Jewish health food.
Maimonides, or Rabbi Moshe ben Maimon, also referred to as the Rambam, was a 12th-century philosopher and a famous doctor in Egypt, serving the ruler and the common people devotedly. He was buried in Tiberias, Israel. His way of looking at food and health left its mark throughout centuries. Israelis follow his startlingly modern-sounding advice until this day. He wrote that the best breakfast is a big, leafy salad: it clears digestion and the kidneys and purifies the blood.
That’s not how I remember breakfast when I was growing up. Half-asleep and in a rush to get out the door, my siblings and I would tip into a bowl some cold cereal extruded by machines into shapes designed to entertain kids. The artificially colored and flavored bits were loaded with sugars. We’d pour plenty of milk straight from the fridge on top. Then we’d wait outside for the school bus, the cold milk inside us making us shiver, while the sugars made their way into our bloodstream and made us frantic. By the mid-morning, we were exhausted from the sugar crash.
Has it changed much? Judging from the packages on supermarket shelves, it doesn’t look like it. Cold cereals have made their way into Israeli supermarkets too, and busy families find them as convenient as mine did. Probably the kids experience the same sugar highs and lows, too. But Israelis still love salad for breakfast. Any “Israeli breakfast” in a cafe includes a choice of chopped tomatoes and cucumbers, or a mixed leafy salad along with your omelet, roll and butter. On Shabbat, housewives pride themselves on offering a variety of salads before serving the main hot dish.
On the bus, I once overheard a young man talking on his cellphone, complaining that he missed his mother’s Shabbat meals.
“Especially the salads,” he told his friend. “She puts twelve or more different salads on the table every Shabbat morning.”
I was impressed. I imagined that his mother has it down to a science, whizzing and chopping small, appetizing dishes of fresh carrots, lentils, beets, leafy greens, eggs, corn, cucumber, two kinds of eggplant salad, choumous, tahini, and who knows what else. Well, I don’t pretend to be so efficient on Fridays that I can serve twelve salads on Shabbat.
I grew up with the big salad bowl with vinaigrette at the bottom and the greens (sliced tomatoes and cucumbers and crisp lettuce) on top. It was part of the family legend. My mother, in the kitchen, stirring the vinaigrette, would invite anyone passing through to dip a lettuce leaf into the bowl. What do you think – more vinegar, more salt or garlic? Or just right? I, about six, tasted and gave my critique. It made me feel important; my opinion in the family mattered. At the same time, I was learning to pay attention to flavors and texture, developing a palate.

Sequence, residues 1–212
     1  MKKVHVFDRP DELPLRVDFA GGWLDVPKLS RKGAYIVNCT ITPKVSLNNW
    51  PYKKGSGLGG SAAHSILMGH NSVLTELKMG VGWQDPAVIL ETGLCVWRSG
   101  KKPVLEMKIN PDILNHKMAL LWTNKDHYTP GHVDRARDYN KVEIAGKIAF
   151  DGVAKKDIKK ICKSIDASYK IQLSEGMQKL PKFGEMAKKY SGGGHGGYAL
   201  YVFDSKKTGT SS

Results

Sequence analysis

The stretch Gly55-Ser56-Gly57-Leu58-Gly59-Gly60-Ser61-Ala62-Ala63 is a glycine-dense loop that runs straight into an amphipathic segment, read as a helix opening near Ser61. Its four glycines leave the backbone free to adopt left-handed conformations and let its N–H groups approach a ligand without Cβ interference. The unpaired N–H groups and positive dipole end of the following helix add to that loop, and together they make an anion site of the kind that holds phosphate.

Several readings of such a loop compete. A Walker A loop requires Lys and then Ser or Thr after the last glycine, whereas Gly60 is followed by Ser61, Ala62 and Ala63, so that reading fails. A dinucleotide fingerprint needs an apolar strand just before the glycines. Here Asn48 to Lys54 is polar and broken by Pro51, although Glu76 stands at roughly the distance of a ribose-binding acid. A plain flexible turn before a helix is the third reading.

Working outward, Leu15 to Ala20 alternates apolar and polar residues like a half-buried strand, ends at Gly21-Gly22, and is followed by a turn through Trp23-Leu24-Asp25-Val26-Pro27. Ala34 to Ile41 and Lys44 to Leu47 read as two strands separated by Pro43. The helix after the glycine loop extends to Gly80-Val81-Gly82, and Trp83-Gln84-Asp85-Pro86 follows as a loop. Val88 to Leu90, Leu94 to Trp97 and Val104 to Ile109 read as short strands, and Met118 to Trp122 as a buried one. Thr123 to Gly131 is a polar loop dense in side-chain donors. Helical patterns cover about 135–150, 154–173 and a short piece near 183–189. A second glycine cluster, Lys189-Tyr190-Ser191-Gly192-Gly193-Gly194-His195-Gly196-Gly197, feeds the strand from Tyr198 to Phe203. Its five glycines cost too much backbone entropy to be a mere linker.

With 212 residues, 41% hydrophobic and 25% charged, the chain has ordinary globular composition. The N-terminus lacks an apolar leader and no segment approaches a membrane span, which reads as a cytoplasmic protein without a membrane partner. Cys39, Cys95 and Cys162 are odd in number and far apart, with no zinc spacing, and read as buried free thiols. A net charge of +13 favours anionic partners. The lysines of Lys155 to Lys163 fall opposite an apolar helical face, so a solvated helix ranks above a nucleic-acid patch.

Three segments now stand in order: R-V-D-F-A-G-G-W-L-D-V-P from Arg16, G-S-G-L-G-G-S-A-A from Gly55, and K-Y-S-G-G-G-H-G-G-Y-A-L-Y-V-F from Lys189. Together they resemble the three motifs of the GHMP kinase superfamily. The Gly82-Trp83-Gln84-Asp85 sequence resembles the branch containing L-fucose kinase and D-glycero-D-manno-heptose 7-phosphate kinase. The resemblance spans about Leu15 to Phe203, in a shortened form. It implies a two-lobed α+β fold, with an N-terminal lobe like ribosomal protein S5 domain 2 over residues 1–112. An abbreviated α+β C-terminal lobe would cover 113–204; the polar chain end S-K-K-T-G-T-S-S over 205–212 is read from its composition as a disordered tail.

Mom would set the big wooden bowl in front of my father, and he’d take the wooden salad servers to gently lift and drop the salad, over and over until each sliced vegetable and torn leaf was slick with dressing. We watched and felt the rumblings of appetite.
Today, I make a little ceremony of the salad just as my parents did. I rinse the leaves – and today they can include aragula or mixed baby leaves, purslane or chickeweed – and recruit someone to pat them dry. Pat, don’t rub, I tell whoever it is (usually Rachel, who doesn’t like the job). Rubbing crushes the lettuce and makes it wilt. The reward for hard labor comes when I ask her opinion of the dressing. Then she’s happy to souse a tender lettuce leaf and taste. If I don’t watch it, she’ll eat half the salad that way, and I can’t blame her.
When I toss the salad at the table, the tempting odor of good vinegar, olive oil and garlic comes up. I like the moment; it’s such an attention grabber. Everyone settles down, eyes on the cascade of fragrant leaves and tomatoes, waiting for their serving. My grandchildren love the salad and drink the dressing, richer now with the vegetable juices, that remains in the bottom of the bowl.
The Rambam’s salad is simpler than my Mom’s subtly dressed one. It’s just lots of green, leafy vegetables and needs only plenty of lemon juice, salt and olive oil. And one more important ingredient – sumac. Sumac trees bearing edible, wine-colored fruit grow wild in this part of the world, although I don’t know if the dry, powdered product I buy is cultivated or harvested from the wild. It has a lemony flavor and lends an attractive deep color to any savory food. Some ethnic streams consider sumac an important part of everyday cooking; the Druze communities that I know of do especially.
Stopping for a falafel in town, you’ll often see onions seasoned with a little oil and sumac as one of the free relishes.
I like to season chicken and fish with sumac, but hadn’t thought of it in salads until I learned the Ramabam’s recipe.
It’s a free-hand recipe based on fresh leafy greens, with ingredients that vary by season and how many people will be eating. Slice everything, douse it all with fresh lemon juice and olive oil, salt to taste and dust generously with sumac. Add something sweet – not too much – for balance: sliced dried fruit, a handful of dried cranberries, some pomegranate seeds, half a thinly sliced apple or a fine fresh orange. Don’t add so much fruit as to overwhelm the main ingredients, which are the greens. You can see slices of a fresh nectarine in the top photo, which was taken over the summer.
That’s it. You can prepare the fresh ingredients beforehand, stash them, covered tightly, in the fridge, and pour the lemon juice/olive oil over it just before serving. Remember to sprinkle sumac generously over all.